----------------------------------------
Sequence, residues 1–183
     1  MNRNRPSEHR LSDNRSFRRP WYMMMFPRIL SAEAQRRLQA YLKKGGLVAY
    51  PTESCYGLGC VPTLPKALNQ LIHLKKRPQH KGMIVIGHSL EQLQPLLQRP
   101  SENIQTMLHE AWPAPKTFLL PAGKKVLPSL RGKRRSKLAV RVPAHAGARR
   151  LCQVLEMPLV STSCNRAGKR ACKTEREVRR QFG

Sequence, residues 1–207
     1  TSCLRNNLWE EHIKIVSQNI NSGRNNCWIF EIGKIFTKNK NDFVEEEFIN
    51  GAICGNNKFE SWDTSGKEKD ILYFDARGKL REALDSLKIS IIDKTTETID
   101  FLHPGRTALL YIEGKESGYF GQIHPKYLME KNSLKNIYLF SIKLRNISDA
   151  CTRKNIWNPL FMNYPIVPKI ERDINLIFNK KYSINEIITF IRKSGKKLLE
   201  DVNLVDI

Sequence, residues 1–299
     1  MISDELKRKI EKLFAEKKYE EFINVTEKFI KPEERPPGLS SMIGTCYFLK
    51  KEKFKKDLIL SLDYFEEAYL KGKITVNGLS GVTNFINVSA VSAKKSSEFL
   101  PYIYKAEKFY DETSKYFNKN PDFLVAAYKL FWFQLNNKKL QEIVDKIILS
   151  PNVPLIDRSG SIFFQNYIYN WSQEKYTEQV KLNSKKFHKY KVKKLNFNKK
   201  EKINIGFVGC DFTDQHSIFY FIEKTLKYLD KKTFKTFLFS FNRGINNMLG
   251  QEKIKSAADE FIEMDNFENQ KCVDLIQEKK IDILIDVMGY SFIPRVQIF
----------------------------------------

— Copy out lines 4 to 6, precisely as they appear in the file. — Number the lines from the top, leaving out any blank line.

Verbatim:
   101  SENIQTMLHE AWPAPKTFLL PAGKKVLPSL RGKRRSKLAV RVPAHAGARR
   151  LCQVLEMPLV STSCNRAGKR ACKTEREVRR QFG

Sequence, residues 1–207